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Investors sought out safe-haven investments of gold and government bonds yesterday as a pair of geopolitical events rattled financial markets.
A day after the Dow Jones Industrial Average hit its 15th high for the year, stocks fell sharply after reports flooded in about a Malaysia Airlines passenger being shot down. Later, Israel announced it had begun a ground invasion of the Gaza Strip, hastening the slide in sharemarkets around the world.
Asia stocks opened lower and the sell-off continued throughout the day.
In New Zealand and Australia, defensive stocks, such as resource companies with an exposure to gold, banks and oil companies, saw their shares rise in value.
Shares in Macraes Mine operator Oceana Gold rose 9% on the day and Newcrest mining shares rose 6%.
Air New Zealand joined other airlines around the world in seeing its share price fall, as Malaysia Airline shares tumbled nearly 19%. Delta Airlines shares fell 3.4%, American Airlines shares were down 4.1% and United Continental was down 3.5%.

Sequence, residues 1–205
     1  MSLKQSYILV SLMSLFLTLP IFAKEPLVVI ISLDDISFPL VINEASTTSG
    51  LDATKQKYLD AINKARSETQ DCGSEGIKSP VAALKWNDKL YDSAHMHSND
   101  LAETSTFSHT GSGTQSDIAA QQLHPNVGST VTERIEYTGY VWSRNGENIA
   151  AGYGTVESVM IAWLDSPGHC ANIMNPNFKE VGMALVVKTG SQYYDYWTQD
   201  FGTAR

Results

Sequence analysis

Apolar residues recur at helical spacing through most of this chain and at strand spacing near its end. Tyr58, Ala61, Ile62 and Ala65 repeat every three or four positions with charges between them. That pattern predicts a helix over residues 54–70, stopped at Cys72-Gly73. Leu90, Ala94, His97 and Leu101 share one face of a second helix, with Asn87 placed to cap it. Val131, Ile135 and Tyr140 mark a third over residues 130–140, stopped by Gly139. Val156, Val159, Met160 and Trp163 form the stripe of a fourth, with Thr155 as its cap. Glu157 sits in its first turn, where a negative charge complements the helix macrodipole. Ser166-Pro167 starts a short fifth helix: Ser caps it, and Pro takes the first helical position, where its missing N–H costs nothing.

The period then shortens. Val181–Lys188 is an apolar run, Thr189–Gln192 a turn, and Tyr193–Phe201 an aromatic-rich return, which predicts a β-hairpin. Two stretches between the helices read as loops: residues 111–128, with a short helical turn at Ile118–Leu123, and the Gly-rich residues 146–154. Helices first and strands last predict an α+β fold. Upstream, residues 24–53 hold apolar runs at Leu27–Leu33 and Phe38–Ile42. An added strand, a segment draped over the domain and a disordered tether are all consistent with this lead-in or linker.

Craigs Investment Partners broker Peter McIntyre said investors sold shares in a move to avoid risk and poured money into safe-haven investments and bonds.
''The Standard & Poor's 500 dropped like a rock.
''I can't remember a time when there were more geopolitical skirmishes going on, all of which are creating uncertainty. We were already ripe for a correction.''
The CBOE Volatility Index, an options-based measure of future signs in the S&P 500 widely known as the ''fear gauge'', surged 32%, its largest one-day rise of the year.
With the New Zealand market closed for the weekend, investors would take their lead on Monday from how the United States and Europe traded today, he said. Also on the horizon were tougher sanctions being issued against Russia by the US and the European Union saying it would detail new sanctions against Russia by the end of the month.
Oil prices also jumped. Investors were worried the downing of the jet in the Ukraine could become a potential flashpoint that presented another threat to global crude supplies.